Optioned RHP Mike Thompson to Portland (Triple-A); activated RHP Doug Brocail from the Bereavement List. [8/14]
Placed RHP Randy Messenger on the 15-day DL (broken hand). [8/15]
Optioned OF-L Skip Schumaker to Memphis (Triple-A). [8/1]
The Ankiel story is pretty much already one of the major symbols of the Cardinals' in-season rebirth, but it's also sort of interesting that he isn't up because of some recently turned developmental corner at the plate. In mashing 32 homers for Memphis, he really didn't see his performance streak, slugging .565, .571, .606, and .552 in his four full months, from April through July. He didn't get more patient, and he didn't start making better contact. Instead, he really demonstrated that he's a legitimate slugger, if an impatient one, and while it's fascinating to speculate whether or not he'll learn and adapt and improve even more in what has already been an improbable renaissance, 20 unintentional walks in 423 plate appearances is pretty hard to overlook. Still, if he can play the outfield well enough, the Cardinals could end up with a plater who, if not as much of an impact player as a healthy Jim Edmonds, certainly gives the club a pretty interesting outfield crew that now runs six deep. For lefty power, they have Ankiel and Chris Duncan, supported by Ryan Ludwick from the right side; for defensive spotting and some OBP against lefties, they still have So Taguchi. Veterans Jim Edmonds and Juan Encarnacion might be the big-ticket players in this group, but they're not the hitters they once were, and neither need to be started every day, not when Tony La Russa such a rich blend of homegrown, retreaded, or free-talent supporting players.
That sort of depth comes in handy considering that the club's just lost Spiezio to a decision to check into a substance abuse clinic while also losing Kennedy for the balance of the season. However, even then, there's a silver lining, because Ryan can play second or short, shows some sock against lefties, and offers a solid enough alternative to Aaron Miles in the lineup. Depositing the second base position behind the pitcher's slot actually makes some extra bit of sense tactically, but not because of some "second leadoff man" guesswork or the assumption that Alberto Pujols' MVP campaign could use some additional RBI. Instead, there's a more practical consideration-if you've got only two second basemen on the roster, and they're a bit obviously worth pinch-hitting for, then why not put them in the slot least likely to get four or more plate appearances in a game? Instead, you have the position traditionally associated with pinch-hitter-driven substitutions-the pitcher's slot-getting some fractionally better likelihood of coming up, and now that you have a bench stocked with outfield alternatives, that's a nice thing.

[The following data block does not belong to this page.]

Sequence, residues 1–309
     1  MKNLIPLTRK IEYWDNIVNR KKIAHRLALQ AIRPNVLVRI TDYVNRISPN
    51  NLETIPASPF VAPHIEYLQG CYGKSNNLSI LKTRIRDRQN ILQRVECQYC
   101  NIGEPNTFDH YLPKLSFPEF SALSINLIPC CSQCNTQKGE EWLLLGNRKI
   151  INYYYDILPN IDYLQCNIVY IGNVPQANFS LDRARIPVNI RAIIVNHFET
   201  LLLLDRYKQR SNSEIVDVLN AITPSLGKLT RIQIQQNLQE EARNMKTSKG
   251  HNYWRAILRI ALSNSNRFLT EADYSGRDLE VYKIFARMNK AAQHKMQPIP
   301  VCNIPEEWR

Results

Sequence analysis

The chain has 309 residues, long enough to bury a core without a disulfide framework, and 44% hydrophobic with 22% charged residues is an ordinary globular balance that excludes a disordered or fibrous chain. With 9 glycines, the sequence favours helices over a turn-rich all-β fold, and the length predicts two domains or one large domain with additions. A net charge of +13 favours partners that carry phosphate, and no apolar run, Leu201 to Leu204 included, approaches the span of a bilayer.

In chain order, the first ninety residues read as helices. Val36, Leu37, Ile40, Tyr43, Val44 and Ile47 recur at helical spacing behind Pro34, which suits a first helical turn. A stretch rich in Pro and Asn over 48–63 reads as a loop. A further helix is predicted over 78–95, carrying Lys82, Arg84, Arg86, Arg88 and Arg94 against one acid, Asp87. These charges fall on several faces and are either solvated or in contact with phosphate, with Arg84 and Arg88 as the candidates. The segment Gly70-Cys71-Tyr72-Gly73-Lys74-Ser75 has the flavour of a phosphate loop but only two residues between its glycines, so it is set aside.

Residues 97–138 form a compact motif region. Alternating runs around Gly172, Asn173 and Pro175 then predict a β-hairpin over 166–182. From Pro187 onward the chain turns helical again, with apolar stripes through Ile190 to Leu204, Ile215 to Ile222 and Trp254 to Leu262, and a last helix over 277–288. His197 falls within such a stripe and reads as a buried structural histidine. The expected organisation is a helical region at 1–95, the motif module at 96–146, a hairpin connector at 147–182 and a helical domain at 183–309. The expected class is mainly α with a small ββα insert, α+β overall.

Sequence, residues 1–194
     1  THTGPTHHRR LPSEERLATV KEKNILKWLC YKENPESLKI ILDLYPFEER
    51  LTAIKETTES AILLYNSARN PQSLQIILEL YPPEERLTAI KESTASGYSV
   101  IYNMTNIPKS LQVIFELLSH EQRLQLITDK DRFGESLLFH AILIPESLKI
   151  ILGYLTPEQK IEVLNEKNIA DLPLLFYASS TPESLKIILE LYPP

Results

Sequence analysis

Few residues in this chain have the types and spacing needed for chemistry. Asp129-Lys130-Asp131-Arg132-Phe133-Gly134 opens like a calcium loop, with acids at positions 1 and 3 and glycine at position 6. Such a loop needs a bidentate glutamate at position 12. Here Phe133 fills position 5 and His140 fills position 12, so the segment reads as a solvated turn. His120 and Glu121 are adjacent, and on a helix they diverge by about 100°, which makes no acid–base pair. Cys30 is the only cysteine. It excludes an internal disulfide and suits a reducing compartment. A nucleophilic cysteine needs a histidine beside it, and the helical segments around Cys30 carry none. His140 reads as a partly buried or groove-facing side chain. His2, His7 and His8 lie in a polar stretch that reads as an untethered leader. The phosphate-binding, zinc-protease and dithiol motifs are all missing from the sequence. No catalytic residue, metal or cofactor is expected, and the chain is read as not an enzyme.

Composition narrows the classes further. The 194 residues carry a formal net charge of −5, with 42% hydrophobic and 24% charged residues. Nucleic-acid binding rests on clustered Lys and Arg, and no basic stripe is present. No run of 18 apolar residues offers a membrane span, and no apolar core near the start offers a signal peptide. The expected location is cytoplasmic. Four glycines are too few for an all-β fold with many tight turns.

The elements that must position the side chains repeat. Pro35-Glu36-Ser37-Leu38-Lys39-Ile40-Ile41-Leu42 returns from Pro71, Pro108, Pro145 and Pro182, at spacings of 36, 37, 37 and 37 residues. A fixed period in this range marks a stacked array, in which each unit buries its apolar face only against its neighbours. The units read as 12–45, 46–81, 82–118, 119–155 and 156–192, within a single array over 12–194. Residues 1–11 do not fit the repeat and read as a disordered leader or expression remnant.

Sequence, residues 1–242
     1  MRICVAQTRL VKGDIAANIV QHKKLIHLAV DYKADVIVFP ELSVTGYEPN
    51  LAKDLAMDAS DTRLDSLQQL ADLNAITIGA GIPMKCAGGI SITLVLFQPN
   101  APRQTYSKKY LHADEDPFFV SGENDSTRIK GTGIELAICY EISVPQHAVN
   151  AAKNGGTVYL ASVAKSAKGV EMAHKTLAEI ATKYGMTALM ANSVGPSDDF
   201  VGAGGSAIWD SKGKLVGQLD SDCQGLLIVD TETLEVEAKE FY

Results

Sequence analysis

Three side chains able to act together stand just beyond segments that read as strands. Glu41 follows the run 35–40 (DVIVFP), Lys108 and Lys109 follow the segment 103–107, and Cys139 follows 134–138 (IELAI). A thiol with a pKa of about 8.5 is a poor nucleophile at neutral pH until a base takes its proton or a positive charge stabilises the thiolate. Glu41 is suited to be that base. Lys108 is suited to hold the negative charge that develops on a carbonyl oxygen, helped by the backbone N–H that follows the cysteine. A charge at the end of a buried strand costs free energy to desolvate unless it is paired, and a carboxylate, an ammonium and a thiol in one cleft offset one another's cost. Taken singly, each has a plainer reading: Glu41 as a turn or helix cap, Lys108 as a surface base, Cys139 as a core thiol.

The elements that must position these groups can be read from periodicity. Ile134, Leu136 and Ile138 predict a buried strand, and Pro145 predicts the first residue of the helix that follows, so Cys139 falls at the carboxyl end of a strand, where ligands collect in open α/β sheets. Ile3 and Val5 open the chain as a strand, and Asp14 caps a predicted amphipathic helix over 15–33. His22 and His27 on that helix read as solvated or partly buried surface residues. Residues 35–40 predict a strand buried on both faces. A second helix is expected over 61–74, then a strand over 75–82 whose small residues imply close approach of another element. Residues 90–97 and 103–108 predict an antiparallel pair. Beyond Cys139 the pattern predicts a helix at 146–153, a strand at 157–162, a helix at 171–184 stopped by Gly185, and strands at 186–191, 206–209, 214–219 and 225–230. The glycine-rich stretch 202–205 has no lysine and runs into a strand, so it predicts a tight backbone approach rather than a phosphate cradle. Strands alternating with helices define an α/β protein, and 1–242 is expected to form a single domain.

That said, they're in a tight spot in terms of infield depth, as Spiezio's absence also leaves them short of a plausible alternative to Scott Rolen's next extended absence. Here's hoping that Spiezio recovers fully, but in the meantime, Walt Jocketty managed to do something even here by nabbing Barden on waivers. Not that Barden's a prospect, but as a guy who can play a solid third and who has shown some line-drive power in seasons past, he's a decent "in case of emergency, break glass" alternative.
The truly remarkable development has been the turnaround in the rotation. Their season totals are still laughably bad, as they rank next to last in the league in both their starter's Fair Runs Allowed and the rotation's SNLVAR as a unit, but they're getting better. What that means is that their team numbers aren't predictive, they're simply a reflection on what has happened-and went very, very wrong. Going forward getting back in the race, they're the beneficiaries of Kip Wells delivering quality starts in five of his last six, while Anthony Reyes is pitching more closely to his potential, posting three in his last five since being brought back up. Perhaps most remarkable is Joel Pineiro's bounceback, but keep in mind that he's left the better league, and he'd only be the latest wandering veteran put back together again by pitching coach Dave Duncan.